"Christ, all love, you speak one word to us: Yes. Yes, I am with you. Yes, I always will be. Yes, in deepest sorrow. Yes, when you have lost your way, your sight, yourself. Yes, when you don't know what to do and when there is nothing you can do; Yes, today and tomorrow." ~Julian of Norwich
Over the weekend I had the privilege of 'being the voice' of Julian of Norwich, a 14th century mystic whose words seem to be long before their time as our sanctuary choir presented a lovely musical setting of her words. Her writing seems miraculous to me given the climate in which she lived, given the fact that she was a woman in a church ruled by those who would have much preferred she remain silent. Her life was plagued with great pain, both physical and spiritual. And yet she had the clarity of an experience of the Holy that rings throughout time. Her words reflect a broader understanding of God than the common church language, not only of her time but also ours, might allow. She used multiple images of God and blurred the often exclusively male language attributed to speaking of the Sacred.
But even more than those gender nouns and pronouns, her understanding of our relationship with the Holy One carries such acceptance, such grace, such gentleness. As I read her words during the concert, my eyes took in the faces, the beautiful faces of those gathered. I wondered about those who were listening. How were they experiencing these words? Did they seem foreign? Did a God whose one word to us is 'Yes' align with the the one they learned of in Sunday School, in sermons, in scripture? I also thought of all those people I knew who have been so wounded by the church. Those who cannot find a home in any faith community. Those who think that the rhetoric they often hear on radio and television spoken with anger and vengeance, voices claiming to speak for Jesus, is all there is.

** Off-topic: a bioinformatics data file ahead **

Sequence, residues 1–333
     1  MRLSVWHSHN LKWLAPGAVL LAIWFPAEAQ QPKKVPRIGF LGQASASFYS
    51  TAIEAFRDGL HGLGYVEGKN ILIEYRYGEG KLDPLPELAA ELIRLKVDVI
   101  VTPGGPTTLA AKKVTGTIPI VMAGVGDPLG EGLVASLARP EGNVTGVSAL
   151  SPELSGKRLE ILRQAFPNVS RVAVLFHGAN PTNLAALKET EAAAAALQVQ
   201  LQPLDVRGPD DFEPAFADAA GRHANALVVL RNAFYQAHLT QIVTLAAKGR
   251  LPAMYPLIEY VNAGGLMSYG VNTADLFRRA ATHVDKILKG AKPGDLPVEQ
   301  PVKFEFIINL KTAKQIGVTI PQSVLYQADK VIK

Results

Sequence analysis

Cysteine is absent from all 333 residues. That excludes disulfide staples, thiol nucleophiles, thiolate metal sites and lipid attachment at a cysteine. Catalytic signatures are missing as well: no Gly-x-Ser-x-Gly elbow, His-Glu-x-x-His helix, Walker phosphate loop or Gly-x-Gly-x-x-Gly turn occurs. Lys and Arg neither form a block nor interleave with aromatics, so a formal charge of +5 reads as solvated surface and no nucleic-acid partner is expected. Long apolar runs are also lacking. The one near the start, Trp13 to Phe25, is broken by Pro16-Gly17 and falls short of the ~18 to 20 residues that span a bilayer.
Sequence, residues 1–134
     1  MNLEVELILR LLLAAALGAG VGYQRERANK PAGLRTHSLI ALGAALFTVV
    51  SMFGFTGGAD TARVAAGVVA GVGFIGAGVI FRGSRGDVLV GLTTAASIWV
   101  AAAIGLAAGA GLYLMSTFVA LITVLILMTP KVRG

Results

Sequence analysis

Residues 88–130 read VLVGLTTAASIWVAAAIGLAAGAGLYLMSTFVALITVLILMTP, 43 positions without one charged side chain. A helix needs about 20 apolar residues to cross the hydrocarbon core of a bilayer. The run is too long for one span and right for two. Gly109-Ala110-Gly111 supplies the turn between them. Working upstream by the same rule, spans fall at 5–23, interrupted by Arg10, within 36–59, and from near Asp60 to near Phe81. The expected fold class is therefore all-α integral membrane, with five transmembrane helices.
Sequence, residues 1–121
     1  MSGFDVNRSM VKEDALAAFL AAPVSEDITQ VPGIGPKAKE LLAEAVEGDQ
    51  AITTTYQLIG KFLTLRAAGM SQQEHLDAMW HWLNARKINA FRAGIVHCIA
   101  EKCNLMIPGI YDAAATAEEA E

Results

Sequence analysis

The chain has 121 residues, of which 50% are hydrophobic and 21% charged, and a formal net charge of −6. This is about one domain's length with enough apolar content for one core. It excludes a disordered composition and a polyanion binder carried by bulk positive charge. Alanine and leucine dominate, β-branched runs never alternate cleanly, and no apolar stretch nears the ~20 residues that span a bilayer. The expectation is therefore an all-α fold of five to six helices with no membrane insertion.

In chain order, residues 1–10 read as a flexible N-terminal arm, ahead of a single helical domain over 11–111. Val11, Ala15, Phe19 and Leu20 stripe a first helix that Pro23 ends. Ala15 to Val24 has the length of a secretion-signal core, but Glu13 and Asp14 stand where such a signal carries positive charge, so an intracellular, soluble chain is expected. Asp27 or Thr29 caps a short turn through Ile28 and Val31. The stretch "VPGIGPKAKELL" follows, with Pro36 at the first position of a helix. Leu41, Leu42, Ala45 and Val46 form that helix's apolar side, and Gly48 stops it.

To these people and to all people I offer Julian's experience of the Holy when she writes: "Yes, on this corner of my good earth and wherever your feet may take you. Yes, to the end of the earth and the eternity of time. Yes, for you are never abandoned. You are forever the unforsaken, the beloved, a cradled child. Mine. And my word to you is singular: Yes."
The 'Yes' of God carries us into the next days when we remember and celebrate the Way in which Jesus of Nazareth walked in the world. At every turn he offered a 'yes' to those on the margins, those left out, those who were hungry, those who didn't know where to turn. Like Julian, he embraced the 'yes' of the Holy in his own life and then extended that affirmation to all he met.
"My saints long before you clung to my "Yes" in circumstances unimaginable, amid joys inexpressible and griefs unbearable. And I was enough for them. I was their "Yes," and ever I shall be for you."